‘Outhouse book’ looks to lure new anglers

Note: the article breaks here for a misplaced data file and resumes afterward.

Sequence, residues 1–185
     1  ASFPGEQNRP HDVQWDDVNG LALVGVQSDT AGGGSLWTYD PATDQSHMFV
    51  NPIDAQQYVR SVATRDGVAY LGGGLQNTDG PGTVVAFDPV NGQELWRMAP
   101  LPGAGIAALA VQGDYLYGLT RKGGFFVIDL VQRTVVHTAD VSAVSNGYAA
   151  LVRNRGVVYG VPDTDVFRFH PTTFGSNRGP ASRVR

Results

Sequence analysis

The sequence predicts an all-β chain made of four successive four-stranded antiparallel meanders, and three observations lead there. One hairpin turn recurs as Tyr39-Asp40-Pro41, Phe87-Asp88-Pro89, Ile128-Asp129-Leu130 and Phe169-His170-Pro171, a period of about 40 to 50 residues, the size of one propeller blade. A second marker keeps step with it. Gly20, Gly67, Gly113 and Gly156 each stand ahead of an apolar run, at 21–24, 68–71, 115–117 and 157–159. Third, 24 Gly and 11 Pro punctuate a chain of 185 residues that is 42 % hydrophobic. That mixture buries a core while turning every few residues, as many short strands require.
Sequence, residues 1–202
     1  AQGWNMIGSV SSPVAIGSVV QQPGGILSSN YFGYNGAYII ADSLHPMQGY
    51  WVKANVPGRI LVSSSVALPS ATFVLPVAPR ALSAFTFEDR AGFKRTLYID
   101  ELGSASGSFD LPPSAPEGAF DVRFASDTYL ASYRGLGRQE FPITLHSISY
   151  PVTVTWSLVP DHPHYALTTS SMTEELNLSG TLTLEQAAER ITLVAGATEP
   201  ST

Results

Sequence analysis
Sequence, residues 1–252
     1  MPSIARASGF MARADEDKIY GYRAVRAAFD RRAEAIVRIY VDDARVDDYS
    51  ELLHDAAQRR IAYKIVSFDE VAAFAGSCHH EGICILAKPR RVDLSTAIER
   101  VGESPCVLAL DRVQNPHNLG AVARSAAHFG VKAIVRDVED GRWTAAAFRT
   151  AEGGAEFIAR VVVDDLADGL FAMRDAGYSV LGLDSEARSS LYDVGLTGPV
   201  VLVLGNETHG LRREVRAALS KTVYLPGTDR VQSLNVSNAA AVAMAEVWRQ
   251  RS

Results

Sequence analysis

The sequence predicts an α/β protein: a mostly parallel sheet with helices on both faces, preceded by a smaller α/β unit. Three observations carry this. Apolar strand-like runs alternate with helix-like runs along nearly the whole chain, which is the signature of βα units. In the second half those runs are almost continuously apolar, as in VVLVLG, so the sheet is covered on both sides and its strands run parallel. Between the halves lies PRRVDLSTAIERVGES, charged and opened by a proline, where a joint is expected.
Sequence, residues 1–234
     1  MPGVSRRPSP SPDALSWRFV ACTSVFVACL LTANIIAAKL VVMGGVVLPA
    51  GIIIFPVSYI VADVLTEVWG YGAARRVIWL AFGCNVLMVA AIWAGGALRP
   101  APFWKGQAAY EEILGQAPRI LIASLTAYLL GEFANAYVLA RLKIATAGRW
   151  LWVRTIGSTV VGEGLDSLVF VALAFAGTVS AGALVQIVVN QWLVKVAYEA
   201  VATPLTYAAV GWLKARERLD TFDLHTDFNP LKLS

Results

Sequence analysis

IT takes a modest writer — or one with a keen mind for book marketing — to call his book “an outhouse book.” That’s one of the ways John Toone describes Fishin’ for Dumbasses. The book, from Great Plains Publications, is an offbeat, informative and comical introduction to fishing that will keep campers and cottagers occupied in the smallest reading room. It started out, says Toone, as a book for hipsters interested in catching their own locally sourced food, but morphed into a book about the entire experience of fishing. “When your mindset is catching, a good day is measured by what ends up in the cooler. But when you are out there for the fishing, that experience includes the preparation, the journey, the sacrifices and indulgences, the time with family in the great outdoors.” Toone, who wrote a pair of comic books about fishing published by Alchemical Press (Catch that Catfish! and Hope and the Walleye), is a longtime angler who has volunteered for more than 20 years with Fish Futures. He’ll be signing copies of the book from 2 to 4 p.m. on May 31 at McNally Robinson Booksellers. Forget about the Chicago of the North or One Great City — we’re living in Electric City. That’s the title of a new special edition of the literary journal Prairie Fire that focuses on writing from Winnipeg. Electric City contains work from “a baker’s dozen of Winnipeg’s newly established and up-and-coming writers,” including Katherena Vermette, winner of the 2013 Governor General’s Award for poetry, Méira Cook, winner of the 2013 McNally Robinson Book of the Year Award, and three years’ worth of recipients of the John Hirsch Award for Most Promising Manitoba Writer: poets Jennifer Still, Kristian Enright and Jonathan Ball. The book launch is June 2 at 7 p.m. at McNally Robinson Booksellers. Dudley brings back her version of the mythological figure Pelops, who was given to the gods of Olympus as a sacrificial meal in the traditional story, and in Dudley’s hands was turned into a supernaturally gifted chef. In Kraken Bake, Pelops has to figure out how to cook kraken, the giant sea monster of Greek myth, and win an Athenian cooking competition. She launches the novel June 3 at 8 p.m. at McNally Robinson Booksellers. Words don’t just live on paper. That’s the idea behind the first Winnipeg Spoken Word Festival, running Wednesday to Sunday. Performance poets, musicians, improvisers and other spoken-word aficionados from Winnipeg, Vancouver, Toronto and Edmonton will gather at the Gas Station Theatre for a series of events, including the Winnipeg Poetry Slam Finals, the Haiku Death Match and an evening of collaboration between poets and improvisers. Two workshops are also on the agenda for the week. For full details and schedule, check winnipegspokenwordfestival.com. File this one under “Nice work if you can get it.” British novelist Ian McEwan recently sold his literary archive to the Henry Ransom Center, a humanities research library at the University of Texas in Austin, for $2 million. According to The Guardian, the archive includes early drafts of novels, abandoned stories, letters from various literary friends, and 17 years’ worth of email. Other writers whose archives have been acquired by the Ransom Center include Doris Lessing, J.M. Coetzee, Julian Barnes and Tom Stoppard. Winnipeg mystery novelist-turnedcomic fantasy writer Karen Dudley offers up a second helping of Greek mythology in her upcoming Kraken Bake: An Epicurean Epic.